The Federal Reserve’s in a tricky spot this week, committed to dovish monetary policy as the economy roars back from the coronavirus pandemic.
First, the change can be explained by higher interest rates and higher commodity prices. This is stoking demand for “cyclical” companies like industrials and financials that benefit from more gross domestic product. Many of these companies struggled before the crisis and are now being rediscovered for the first time in years.
Executives told investors revenue will grow more than 50 percent annually for “multiple” years, according to reports on Reuters, Bloomberg and CNBC. That’s more than 12 percentage points above the previous consensus estimate for next year.
This practice can help manage volatility because not all stocks move the same way when the broader market swings. It also prevents a big drop in a single security from inflicting major damage on an account. And perhaps most important, diversification can reduce the kind of bad emotional reactions that happen when accounts swing in value.
Twitter (TWTR) is up 27 percent since Friday, February 5. That makes it the best-performing member of the S&P 500 for the period. It’s also the biggest weekly gain for Jack Dorsey’s social-media company since February 2015.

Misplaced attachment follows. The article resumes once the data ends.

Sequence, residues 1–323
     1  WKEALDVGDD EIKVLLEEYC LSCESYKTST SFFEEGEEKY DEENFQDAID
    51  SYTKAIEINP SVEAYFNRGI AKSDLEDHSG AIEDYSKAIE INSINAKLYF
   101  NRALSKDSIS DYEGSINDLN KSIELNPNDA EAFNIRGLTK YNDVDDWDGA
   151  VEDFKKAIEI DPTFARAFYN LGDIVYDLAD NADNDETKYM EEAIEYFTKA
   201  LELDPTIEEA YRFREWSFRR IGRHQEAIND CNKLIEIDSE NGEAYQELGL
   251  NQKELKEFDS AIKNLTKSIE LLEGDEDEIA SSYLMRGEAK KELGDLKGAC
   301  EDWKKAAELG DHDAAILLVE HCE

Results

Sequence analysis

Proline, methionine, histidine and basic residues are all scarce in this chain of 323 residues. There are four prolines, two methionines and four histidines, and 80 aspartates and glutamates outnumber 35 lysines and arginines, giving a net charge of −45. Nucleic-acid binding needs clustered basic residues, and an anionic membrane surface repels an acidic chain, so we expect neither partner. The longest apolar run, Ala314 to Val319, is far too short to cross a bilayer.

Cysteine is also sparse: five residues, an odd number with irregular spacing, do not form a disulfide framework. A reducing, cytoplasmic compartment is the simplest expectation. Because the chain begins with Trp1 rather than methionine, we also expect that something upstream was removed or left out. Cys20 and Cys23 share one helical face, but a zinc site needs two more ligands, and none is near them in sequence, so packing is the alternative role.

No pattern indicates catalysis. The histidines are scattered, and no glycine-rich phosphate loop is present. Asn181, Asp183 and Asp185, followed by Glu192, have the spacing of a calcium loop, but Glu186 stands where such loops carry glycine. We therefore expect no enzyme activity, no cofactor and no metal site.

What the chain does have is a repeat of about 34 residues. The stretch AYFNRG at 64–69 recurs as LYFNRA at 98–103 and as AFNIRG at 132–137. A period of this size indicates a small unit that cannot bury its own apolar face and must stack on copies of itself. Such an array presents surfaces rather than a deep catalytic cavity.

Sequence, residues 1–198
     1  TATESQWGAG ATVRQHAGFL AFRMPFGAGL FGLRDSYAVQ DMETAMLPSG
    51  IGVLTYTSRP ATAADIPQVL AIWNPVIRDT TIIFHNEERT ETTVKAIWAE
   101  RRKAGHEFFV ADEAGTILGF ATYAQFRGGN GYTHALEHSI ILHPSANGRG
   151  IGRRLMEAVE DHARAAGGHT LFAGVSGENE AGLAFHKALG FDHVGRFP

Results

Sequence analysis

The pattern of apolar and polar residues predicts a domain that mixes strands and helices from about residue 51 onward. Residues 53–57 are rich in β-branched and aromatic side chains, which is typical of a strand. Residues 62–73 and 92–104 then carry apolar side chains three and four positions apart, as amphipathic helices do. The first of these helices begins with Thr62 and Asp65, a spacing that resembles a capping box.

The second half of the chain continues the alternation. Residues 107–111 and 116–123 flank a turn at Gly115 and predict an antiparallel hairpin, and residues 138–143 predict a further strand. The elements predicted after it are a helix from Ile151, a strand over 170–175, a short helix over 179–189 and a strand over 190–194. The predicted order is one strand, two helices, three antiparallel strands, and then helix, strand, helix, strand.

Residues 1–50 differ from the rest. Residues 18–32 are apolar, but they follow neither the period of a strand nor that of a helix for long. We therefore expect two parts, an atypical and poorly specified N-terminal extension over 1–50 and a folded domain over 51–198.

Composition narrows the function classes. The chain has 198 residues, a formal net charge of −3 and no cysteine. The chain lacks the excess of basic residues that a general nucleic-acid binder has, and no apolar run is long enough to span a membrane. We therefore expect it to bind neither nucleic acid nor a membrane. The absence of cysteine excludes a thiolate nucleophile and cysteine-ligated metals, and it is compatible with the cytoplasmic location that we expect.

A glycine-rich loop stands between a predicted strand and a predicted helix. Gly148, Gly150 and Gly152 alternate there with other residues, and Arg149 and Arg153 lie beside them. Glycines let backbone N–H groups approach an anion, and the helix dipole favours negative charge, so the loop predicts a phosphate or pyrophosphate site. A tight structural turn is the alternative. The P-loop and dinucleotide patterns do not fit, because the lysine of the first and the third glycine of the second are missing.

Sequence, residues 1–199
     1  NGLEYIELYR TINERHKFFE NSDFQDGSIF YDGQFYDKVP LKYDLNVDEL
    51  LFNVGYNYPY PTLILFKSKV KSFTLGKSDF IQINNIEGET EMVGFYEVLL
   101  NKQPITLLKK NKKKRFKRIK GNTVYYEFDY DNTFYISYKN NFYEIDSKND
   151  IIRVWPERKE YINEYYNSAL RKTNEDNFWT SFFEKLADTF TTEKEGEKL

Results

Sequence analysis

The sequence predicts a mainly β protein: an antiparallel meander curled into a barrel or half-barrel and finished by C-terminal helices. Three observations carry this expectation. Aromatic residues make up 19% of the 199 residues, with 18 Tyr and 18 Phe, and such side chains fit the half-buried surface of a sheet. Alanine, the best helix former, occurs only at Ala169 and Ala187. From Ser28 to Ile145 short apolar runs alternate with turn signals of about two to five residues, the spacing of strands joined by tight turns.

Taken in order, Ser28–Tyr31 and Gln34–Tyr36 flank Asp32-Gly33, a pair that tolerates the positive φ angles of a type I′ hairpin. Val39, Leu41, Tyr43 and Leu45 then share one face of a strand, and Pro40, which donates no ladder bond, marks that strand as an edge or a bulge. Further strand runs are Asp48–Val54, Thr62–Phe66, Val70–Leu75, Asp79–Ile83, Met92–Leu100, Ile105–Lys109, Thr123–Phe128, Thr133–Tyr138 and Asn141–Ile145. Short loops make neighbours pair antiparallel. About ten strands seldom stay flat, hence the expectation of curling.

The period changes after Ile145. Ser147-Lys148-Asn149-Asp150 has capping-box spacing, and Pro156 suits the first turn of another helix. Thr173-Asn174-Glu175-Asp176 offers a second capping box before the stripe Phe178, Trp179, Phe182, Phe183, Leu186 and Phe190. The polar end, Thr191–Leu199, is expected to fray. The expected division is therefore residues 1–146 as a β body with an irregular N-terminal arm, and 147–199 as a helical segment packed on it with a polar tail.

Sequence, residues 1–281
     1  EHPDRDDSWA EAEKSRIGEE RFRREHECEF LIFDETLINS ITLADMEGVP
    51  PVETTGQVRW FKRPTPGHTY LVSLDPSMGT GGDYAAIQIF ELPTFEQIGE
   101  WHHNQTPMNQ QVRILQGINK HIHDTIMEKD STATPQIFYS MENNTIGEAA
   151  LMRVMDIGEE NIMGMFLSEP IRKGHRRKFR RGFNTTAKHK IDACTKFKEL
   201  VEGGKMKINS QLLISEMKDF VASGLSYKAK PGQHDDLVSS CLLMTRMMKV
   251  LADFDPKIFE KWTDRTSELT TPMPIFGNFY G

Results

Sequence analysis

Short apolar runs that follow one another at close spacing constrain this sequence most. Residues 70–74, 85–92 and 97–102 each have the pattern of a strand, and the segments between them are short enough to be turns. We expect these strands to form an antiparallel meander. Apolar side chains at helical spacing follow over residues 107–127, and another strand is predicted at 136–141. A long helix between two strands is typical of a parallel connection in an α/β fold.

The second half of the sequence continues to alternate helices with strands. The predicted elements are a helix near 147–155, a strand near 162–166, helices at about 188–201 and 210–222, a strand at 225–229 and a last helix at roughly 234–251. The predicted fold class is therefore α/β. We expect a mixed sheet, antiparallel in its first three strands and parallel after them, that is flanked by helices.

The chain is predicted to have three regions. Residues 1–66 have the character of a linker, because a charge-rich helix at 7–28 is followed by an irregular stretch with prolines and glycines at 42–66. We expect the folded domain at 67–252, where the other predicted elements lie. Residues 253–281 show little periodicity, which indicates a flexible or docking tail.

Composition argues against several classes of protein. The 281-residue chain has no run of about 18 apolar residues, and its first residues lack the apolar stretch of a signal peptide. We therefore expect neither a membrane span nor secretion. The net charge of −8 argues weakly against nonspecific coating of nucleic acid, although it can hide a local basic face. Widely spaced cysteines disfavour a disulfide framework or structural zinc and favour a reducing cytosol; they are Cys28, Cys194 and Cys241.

Alphabet (GOOGL) made the biggest splash, spiking more than 12 percent to new record highs. The search giant benefited from a stay-at-home boom in online advertising. But a lot more is going on.
The S&P 500 plunged 3.3 percent between Friday, January 22, and Friday, January 29. It was the biggest weekly decline since October, with 85 percent of the index’s members losing value. The selloff also dragged stocks into negative territory on a year-to-date basis.
Apple led a busy week of earnings by crushing estimates as users clambered for new iPhones. Most other companies also had strong results — especially chip makers and industrials.
The video-game retailer entered the session with a year-to-date gain of over 1,600 percent, propelled by a short squeeze of epic proportions. Seconds after 10 a.m. ET, it reached a high of $483. GME then reversed and plunged 77 percent to $112.25 by 11:25 a.m. before bouncing.